Bankers and regulators say that crooks can easily launder small amounts of money through the banking system without being detected.

But to launder massive amounts of cash -- say hundreds of thousands or millions of dollars -- crooks must either dupe the bank or find compliant banks or employes.

Money launderers want to convert ill-gotten cash -- say from the sale of narcotics -- into bank deposits. Not only are bank accounts easier to maintain than boxes of cash, but also it is far easier to transfer them to other banks or back to cash, and they are safer.

For more than a decade, the Treasury Department has required banks to report any cash transactions -- withdrawals or deposits -- that exceed $10,000. The hope was to make it difficult for drug traffickers and other launderers to convert undetected the cash they accumulate from the sale of narcotics into easily transferable bank deposits.

Once the cash gets into the banking system, it becomes difficult to trace. There are millions, if not billions, of transactions every day at the nation's 14,700 banks and several thousand savings and loan associations.

The issue of money laundering has been in the spotlight recently because of large unreported cash transactions the First National Bank of Boston has failed to report in recent years.

Several weeks ago, the bank was fined $500,000 for failing to report about $1.2 billion of currency transfers between itself and nine Swiss banks over a four-year period ended last September. It also is under scrutiny because one of its branches permitted two allegedly Mafia-related real estate companies to make about $2 million in cash transactions over a two-year period, none of which was reported.

In the Swiss bank case, the bank said it was administrative oversight and ignorance that kept the bank from making the reports. Initially, transactions between banks were exempt from reporting -- although that was changed in 1980.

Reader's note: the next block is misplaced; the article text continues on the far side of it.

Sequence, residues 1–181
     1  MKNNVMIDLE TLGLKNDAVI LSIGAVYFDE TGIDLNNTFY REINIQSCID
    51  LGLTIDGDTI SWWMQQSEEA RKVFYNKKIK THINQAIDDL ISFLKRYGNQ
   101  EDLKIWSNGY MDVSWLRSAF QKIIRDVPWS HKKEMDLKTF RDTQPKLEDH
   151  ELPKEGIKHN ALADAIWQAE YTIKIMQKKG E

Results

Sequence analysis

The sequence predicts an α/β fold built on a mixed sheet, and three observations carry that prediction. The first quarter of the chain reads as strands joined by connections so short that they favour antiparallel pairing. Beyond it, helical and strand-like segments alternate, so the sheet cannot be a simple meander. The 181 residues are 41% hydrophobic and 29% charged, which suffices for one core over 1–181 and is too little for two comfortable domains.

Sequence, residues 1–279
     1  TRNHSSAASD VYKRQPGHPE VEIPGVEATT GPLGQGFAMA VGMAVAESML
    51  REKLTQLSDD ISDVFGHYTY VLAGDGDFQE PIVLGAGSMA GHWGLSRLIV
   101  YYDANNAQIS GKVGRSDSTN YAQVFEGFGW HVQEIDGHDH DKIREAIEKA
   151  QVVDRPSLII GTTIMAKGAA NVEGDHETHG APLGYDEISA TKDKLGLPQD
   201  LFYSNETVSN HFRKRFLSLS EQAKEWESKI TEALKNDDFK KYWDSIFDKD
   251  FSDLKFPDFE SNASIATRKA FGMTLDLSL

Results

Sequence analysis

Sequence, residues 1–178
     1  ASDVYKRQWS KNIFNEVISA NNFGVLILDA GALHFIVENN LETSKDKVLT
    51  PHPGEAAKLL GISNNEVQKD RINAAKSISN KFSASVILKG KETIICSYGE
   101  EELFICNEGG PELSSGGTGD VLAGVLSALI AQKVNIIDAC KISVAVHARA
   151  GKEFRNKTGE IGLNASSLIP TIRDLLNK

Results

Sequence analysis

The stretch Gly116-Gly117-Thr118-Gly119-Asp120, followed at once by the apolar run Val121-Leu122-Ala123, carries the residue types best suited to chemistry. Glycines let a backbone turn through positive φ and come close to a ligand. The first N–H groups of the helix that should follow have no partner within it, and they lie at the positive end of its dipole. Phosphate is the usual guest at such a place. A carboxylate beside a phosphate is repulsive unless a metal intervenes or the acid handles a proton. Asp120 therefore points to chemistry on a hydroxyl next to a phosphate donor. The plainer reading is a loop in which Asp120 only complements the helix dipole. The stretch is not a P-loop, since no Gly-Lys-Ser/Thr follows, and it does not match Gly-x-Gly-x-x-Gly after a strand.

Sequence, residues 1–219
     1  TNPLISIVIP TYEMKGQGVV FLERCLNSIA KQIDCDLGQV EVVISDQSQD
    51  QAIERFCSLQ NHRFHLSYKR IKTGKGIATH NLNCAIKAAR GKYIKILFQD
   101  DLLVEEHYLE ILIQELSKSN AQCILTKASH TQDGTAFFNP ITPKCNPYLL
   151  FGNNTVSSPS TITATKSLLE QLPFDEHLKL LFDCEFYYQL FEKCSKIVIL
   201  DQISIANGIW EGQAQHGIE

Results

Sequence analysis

The bank said that it mistakenly continued giving a reporting exemption to the real estate companies, even though the Treasury had sharply circumscribed the types of companies that could receive exemptions -- and real estate companies were not among them.

Bankers are reluctant to discuss the currency transfers. They say it is common for foreign banks that accumulate large amounts of dollars -- especially in small denominations -- to ship those dollars to their U.S. correspondent bank to be deposited in accounts they maintain. But they say the amounts the Bank of Boston transferred were large and that they find the reverse side of the transaction curious -- that the Bank of Boston was shipping large-denomination currency units back to the Swiss banks.

The U.S. government is investigating the Boston bank to determine its culpability in failing to report the real estate company transactions.

Bankers said that when large-scale transactions are involved -- as they apparently were at the Boston bank -- either bank ignorance or employe complicity or a combination of both is responsible.

But when smaller amounts of money are laundered, practically no standard bank or regulatory safeguard works, they said.

The easiest way to launder money, according to one Florida bank official, is to run a business that generates cash or to find an accomplice that runs such a business. Even the most diligent bank with conscientious employes can be duped into laundering thousands of dollars a week deposited in increments well below the $10,000 reporting ceiling.